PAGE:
Every once in a while, paleontologists make some breathtaking discoveries. Recently, it was the turn of Italian paleontologists to do so, and a new paper reports on the remarkable finding: a herd of 11 fossilized dinosaurs, including the largest and most complete such reptile to ever be discovered in the country.
Italy isn’t known as a hotbed of dinosaur fossils. There have been a handful of discoveries here, most of them in the last 30 years or so. By and large, however, Italian dinosaur hunters generally look to places outside of their motherland when searching for fossils.
But a new paper comes to show that there are still hidden paleontological gems to be found in Italy. The fossilized herd was unearthed at the Villaggio del Pescatore site, a protected area in Italy that has yielded dinosaur fossils in the past, as well.
An impressive haul
“Italy is not known for dinosaurs and, although we had a few lucky strikes in the past, now we have a whole herd at one dinosaur site,” said Federico Fanti, a professor at the University of Bologna and corresponding author of the paper describing the findings.
Villaggio del Pescatore is the site of a former limestone quarry close to the city of Trieste. Back in 1996, an almost complete dinosaur skeleton was unearthed here, initially believed to have belonged to a “dwarf species”, which paleontologists named “Antonio” at the time. However, the new discovery calls into question the assumption that it belonged to a dwarf species.
The freshly-discovered herd consists of 11 specimens of hadrosaurids of the species Tethyshadros insularis. These dinosaurs lived some 80 million years ago and could reach up to five meters (around 16 feet) in length. The herd includes the largest and most complete dinosaur skeleton ever recovered from Italy, an individual christened “Bruno”. Beyond how spectacular the find itself is, it also helped paleontologists better identify the species of Antonio.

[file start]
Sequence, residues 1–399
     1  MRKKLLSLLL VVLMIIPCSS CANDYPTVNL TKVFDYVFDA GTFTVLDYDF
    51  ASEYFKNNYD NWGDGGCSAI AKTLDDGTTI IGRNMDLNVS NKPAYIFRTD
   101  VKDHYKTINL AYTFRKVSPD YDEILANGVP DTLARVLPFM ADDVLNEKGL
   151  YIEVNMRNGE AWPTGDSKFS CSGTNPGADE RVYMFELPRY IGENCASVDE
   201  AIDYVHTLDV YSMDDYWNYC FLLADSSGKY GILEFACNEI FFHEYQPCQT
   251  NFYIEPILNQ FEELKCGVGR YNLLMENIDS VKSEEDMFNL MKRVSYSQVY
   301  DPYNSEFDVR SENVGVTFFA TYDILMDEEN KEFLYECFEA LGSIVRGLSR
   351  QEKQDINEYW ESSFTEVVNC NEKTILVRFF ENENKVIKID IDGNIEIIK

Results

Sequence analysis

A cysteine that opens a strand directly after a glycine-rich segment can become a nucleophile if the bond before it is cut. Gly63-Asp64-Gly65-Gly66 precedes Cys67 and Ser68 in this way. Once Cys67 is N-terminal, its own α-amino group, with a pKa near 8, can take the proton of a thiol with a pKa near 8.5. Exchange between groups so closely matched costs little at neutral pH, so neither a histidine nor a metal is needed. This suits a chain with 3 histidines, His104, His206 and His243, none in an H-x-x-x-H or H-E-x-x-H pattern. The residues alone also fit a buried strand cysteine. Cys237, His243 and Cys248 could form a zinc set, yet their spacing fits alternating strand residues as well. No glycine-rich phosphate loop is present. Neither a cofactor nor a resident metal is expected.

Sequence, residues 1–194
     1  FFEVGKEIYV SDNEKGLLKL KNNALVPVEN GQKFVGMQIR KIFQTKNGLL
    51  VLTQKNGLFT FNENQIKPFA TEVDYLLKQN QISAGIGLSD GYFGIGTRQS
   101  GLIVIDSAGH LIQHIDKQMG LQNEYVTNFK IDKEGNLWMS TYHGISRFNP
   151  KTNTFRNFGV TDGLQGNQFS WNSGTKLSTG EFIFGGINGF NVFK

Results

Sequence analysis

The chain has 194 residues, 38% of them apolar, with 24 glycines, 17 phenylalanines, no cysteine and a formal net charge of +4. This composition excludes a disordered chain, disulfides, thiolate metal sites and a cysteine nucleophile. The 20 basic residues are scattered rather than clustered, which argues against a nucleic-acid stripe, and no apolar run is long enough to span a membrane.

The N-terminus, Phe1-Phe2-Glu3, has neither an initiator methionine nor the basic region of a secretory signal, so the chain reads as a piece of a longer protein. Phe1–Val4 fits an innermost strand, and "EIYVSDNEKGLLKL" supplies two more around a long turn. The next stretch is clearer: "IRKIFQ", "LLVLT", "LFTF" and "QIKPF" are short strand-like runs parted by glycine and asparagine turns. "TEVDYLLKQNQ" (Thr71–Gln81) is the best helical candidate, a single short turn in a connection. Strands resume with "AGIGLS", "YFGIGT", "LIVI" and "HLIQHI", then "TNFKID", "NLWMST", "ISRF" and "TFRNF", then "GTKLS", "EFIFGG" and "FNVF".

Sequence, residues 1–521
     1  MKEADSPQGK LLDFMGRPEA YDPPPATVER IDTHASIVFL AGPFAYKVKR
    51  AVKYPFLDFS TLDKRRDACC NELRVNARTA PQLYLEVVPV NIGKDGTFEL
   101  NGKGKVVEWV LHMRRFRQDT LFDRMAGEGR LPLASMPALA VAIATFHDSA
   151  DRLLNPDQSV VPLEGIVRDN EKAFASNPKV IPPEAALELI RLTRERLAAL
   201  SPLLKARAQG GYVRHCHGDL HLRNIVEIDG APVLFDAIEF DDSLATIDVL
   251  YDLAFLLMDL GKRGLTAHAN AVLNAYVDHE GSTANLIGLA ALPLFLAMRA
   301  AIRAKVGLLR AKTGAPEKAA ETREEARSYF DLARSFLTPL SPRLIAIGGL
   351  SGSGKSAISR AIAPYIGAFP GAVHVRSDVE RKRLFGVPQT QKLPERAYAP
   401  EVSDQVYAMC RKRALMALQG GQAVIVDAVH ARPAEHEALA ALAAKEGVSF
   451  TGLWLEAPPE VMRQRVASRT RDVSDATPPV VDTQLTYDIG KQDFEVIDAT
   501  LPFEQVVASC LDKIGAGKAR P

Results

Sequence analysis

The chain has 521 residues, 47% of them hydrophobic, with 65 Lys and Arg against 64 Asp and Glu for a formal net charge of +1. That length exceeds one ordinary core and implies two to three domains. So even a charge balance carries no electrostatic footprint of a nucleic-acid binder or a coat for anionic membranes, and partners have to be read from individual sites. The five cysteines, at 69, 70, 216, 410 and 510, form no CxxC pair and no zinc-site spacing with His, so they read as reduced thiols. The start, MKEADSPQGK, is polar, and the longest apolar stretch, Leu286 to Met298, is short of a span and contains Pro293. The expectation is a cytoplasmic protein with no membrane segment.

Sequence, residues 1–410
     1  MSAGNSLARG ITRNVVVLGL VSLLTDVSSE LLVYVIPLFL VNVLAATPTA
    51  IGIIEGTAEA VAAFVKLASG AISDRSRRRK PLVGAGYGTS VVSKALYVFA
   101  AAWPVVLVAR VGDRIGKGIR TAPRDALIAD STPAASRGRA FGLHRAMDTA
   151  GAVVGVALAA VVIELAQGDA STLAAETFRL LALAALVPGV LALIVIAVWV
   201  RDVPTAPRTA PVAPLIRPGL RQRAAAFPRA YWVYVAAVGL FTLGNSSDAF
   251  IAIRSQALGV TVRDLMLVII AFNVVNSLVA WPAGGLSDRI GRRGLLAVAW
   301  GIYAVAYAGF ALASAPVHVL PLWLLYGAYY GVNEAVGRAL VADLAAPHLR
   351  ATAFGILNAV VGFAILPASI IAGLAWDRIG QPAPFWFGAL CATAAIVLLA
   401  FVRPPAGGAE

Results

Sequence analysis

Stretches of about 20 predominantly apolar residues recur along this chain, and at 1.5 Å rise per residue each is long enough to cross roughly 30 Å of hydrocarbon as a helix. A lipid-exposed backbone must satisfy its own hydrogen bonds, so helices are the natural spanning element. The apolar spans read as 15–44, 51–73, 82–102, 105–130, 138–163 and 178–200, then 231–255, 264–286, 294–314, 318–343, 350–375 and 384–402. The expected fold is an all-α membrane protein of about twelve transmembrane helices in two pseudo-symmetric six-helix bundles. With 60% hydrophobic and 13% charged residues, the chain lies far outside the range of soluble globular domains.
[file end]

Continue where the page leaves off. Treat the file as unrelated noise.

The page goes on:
Unlike previously believed, Antonio was not a dwarf dinosaur, but rather a juvenile — most likely a member of the same herd unearthed now.
“Bruno is the biggest and oldest of the group, and the most complete dinosaur skeleton ever found in Italy,” said Fanti.
“We knew there were dinosaurs at the site after the discovery of Antonio, but up until now nobody actually checked to see how many. What we have now are multiple bones belonging to the same herd.”
Around the time these dinosaurs were alive, the site at Villaggio del Pescatore was very close to water, being on the shoreline of the ancient layout of the Mediterranean sea. The discovery of fish, crocodiles, flying reptiles, and small shrimp alongside the dinosaur herd provides further evidence of this.
“This is super cool as we can figure out the kind of environment the dinosaurs lived and died in,” added Fanti. “During that period, the area was very close to the shoreline in a tropical, warm and humid environment capable of feeding herds of dinosaurs.”
The site is still closed to the public, but paleontologists hope to make at least part of it open to visitation in the future. Until then, fossil aficionados can see some of the fossils recovered so far at the site at the Civic Museum of Natural History in Trieste.
The paper “An Italian dinosaur Lagerstätte reveals the tempo and mode of hadrosauriform body size evolution” has been published in the journal Nature Scientific Reports.